The Coeur d'Alene voiced stops /b d gʷ/ and affricate /ǰ/ occur only unglottalized.  [gʷ], however, varies with both [w] and [w̕] in certain environments: esísgʷel 'edible fish', p̕at̕áswel from //p̕at̕=isgʷel// 'trout'; gʷent 'it is low', ʔuw̕ént from //gʷ+√gʷen‑t// (plus some element of C1 glottalization) 'it is very low'.  A note on voiced obstruents.  The voiced obstruents are apparently recent introductions into the language.  Many of the words containing /b/ are either borrowed or onomatopoeic, and /b/ occurs only in root-initial position (see discussion of roots §2.2.1) .  The few words conataining /b/ that are not clear borrowings or children's words are all of the shape bVm.  /d gʷ ǰ/ have wider distribution, but only /gʷ/ occurs in morphemes other than roots.


2.1.2.  Vowels.  Coeur d'Alene has five vowels in a system distinguishing two levels of height and two degrees of backness:




     /i/ and /u/ are prototypical high vowels.  /e/ ranges fairly freely among and [e], [ɛ], and [æ] with [ɛ] the most common variant (see discussion of vowel length, §2.3.3).  /o/, which ranges from [ɔ] to [o], and /a/ are vowels that include an element of pharyngeal constriction (see discussion of harmony, §2.3.1).  Schwa is never stressed, and occurs as the reduced form of some unstressed vowels (§2.1.4).  Schwa may also occur as an excrescent element to break up consonant cluster; its use varies with the speaker.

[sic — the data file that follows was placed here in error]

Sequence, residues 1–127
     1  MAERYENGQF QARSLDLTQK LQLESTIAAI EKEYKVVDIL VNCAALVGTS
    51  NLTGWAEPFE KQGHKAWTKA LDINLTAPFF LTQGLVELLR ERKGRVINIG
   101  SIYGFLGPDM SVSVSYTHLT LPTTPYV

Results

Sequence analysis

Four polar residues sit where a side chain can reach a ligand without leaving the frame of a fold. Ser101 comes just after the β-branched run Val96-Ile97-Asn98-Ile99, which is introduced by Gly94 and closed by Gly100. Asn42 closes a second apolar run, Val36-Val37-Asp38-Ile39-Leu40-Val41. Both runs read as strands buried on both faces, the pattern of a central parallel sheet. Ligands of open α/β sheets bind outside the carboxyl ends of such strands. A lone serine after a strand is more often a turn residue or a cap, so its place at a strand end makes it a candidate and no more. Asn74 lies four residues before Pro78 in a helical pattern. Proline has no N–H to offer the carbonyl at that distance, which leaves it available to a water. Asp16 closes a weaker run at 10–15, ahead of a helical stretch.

2.1.3.  Syllables.  Phonological and morphological processes in Coeur d'Alene are dependent on two types of consonant and vowel (CV) structures: the syllable (discussed here), and the phonological root (discussed in §2.2.1).
Coeur d'Alene syllable structure includes two core shapes:  CV, and CVC:  ʔu kʷu nás 'you are wet' (CV CV CVC); ʔul paq heʔús  'Easter egg' (CVC CVC CV CV‑CVC).
V and VC syllables appear to occur in a few proclitics or prefixes in word‑initial position.  These vowels transcribed in initial position by Reichard (1938) and Nicodemus (1975) are actually preceded by a glottal stop. For example, Reichard's (1938:593) transcription äts‑gwítc‑stus is actually ʔecgʷíčstus 'he sees her'.
Additional consonants may be added to the onset or coda of a CVC syllable, as long as the sonority of segments decreases with distance from the nucleus: with S representing segments that are of relatively higher sonority, these additional syllables are CSV(C) and CVSC.  Examples include twe 'with' (CSV), uɬxʷíst 'he went again' (CV‑CVSC), and y̕aʕ̕pqín̕ 'lots' (CVSC‑CVC).  A third segment may be added to a coda, following the same restriction: sce̕mcínčt 'wrist' (C‑ CVC‑CC‑CVSSC).
In this last example, the resonant m surrounded by consonants may serve as a nonvowel syllable peak.  Other examples of syllabic resonants (R) include: čn nxʷétp 'I got out of breath' (CR R‑CVC‑C); léǰncelm 'I got stung' (CVC‑R‑CVC‑R).